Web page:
Two Layer Gel Microparticles Professionals believe that minute particles made of polymers are an efficient way for delivery of targeted drugs and crafting artificial tissues. However their value is suppressed as their production is limited to only certain shapes and materials. Now, MIT engineers seem to have developed a technique to produce microparticles of almost any shape.

They achieved this result by using a micromold that alters shape with respect to temperature. Moreover, drugs are touted to be placed into various compartments of the particles. This tends to make it simple to regulate the time frame of drug release. It may also help to organize different cells into layers to form tissue that resembles the build of natural tissues precisely.

Halil Tekin, an MIT graduate student in electrical engineering and computer science and lead author of the paper, commented “The new technique also allows researchers to create microparticles from a much more diverse range of materials.”

One of the means is to produce microparticles such as filling a small mold with a liquid gel that possesses drug molecules or cells. It then settles into the required shape, but it may not enable formulation of many layers. This team corrected this difficulty by constructing micromolds made of materials that are reactive to temperature. It seemingly becomes smaller when it gets heated up. As per the methodology, initially a liquid gel is inserted into the mold which comprises one type of cell or medicine. As the gel freezes, the mold is heated allowing the walls enveloping the solid gel to shrink. This pulls it farther from the gel and thereby creates a gap for addition of a second layer. The mechanism also has the potential to integrate more layers.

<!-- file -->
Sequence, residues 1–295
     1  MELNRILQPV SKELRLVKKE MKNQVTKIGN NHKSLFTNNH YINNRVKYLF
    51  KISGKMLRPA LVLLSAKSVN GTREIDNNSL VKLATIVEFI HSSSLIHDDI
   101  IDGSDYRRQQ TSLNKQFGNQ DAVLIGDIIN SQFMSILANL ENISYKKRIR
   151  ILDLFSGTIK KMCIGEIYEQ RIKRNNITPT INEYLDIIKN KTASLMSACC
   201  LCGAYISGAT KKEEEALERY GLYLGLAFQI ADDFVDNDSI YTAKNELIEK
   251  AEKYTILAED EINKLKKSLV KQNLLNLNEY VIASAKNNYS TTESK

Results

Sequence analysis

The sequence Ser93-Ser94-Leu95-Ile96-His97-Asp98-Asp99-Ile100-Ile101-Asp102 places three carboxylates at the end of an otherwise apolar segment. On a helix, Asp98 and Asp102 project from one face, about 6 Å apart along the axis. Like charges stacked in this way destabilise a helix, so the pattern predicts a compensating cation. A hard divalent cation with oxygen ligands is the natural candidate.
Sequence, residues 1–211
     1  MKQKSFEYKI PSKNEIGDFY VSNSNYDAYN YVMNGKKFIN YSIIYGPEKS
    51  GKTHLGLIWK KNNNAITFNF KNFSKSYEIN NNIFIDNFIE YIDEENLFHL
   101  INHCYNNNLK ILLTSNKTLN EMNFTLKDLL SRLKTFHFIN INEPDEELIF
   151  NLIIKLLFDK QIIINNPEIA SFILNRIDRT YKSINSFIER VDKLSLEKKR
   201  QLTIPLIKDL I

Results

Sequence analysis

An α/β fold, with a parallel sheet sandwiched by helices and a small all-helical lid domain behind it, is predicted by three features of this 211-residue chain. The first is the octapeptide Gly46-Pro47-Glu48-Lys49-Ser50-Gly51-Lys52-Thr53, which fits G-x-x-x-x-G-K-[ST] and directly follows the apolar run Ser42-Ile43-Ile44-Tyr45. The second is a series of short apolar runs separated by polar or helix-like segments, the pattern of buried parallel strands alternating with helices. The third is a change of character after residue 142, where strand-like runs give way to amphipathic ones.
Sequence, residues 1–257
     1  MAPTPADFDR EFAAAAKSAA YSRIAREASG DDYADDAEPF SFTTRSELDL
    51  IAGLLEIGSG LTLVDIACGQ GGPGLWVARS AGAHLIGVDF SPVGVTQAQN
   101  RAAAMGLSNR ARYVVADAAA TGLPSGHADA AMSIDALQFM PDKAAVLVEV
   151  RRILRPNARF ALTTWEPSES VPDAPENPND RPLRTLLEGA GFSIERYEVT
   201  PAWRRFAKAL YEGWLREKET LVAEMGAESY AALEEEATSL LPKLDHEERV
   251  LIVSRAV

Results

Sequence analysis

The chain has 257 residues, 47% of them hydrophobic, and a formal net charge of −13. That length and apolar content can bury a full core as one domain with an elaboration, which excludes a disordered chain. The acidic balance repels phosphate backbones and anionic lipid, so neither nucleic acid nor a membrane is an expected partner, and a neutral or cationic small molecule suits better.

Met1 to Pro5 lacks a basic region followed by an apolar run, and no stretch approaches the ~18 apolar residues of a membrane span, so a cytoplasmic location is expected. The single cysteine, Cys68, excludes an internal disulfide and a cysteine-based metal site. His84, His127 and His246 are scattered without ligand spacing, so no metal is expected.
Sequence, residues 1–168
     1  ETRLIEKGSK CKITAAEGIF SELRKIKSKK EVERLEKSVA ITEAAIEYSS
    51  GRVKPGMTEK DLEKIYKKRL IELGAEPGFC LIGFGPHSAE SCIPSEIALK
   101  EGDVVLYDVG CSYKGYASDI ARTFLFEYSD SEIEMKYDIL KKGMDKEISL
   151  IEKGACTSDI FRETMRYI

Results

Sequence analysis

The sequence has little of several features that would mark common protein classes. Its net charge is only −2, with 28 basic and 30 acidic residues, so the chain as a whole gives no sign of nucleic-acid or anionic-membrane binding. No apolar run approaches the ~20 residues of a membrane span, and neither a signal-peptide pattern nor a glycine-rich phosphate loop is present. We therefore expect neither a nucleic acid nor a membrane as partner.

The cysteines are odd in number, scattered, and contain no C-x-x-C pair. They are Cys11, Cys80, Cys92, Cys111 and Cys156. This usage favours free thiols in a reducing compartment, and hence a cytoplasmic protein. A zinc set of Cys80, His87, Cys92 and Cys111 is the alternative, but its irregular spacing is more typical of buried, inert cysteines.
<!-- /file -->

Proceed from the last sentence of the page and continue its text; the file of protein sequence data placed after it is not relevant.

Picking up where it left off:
Presently, the clan has created particles of varied shapes including cylindrical, cubic, stripes and much more. The gel that they used in the process constitutes a kind of sugar namely agarose. Particles that were striped and long will be useful for programming elongated tissues like cardiac, skeletal or neural tissue. In this trial, the first layer of particles consisted of fibroblasts and a layer of endothelial cells surrounded it that formed the blood vessels. They also created cubical and cylindrical particles with liver cells incorporated in the first layer while a layer of endothelial cells covered them. This design may help in creating identical liver tissues.

These gels can also be entrenched with proteins that enable the cells to form a suitable structure like a tube to form a capillary. There are plans to create particles made of collagen too. The latter includes much of the bodily tissues inclusive if cartilage. The final objective of the investigators is to construct larger tissue and even complete organs. These could be used in the lab to gauge the working of new medications. According to Tekin, crafting 3-D tissues that are functional and quite similar to the native tissue, will supposedly respond favorably to therapies. This has the potential to accelerate the drug delivery system and lower costs too.

This method is published in the July 18 issue of the Journal of the American Chemical Society.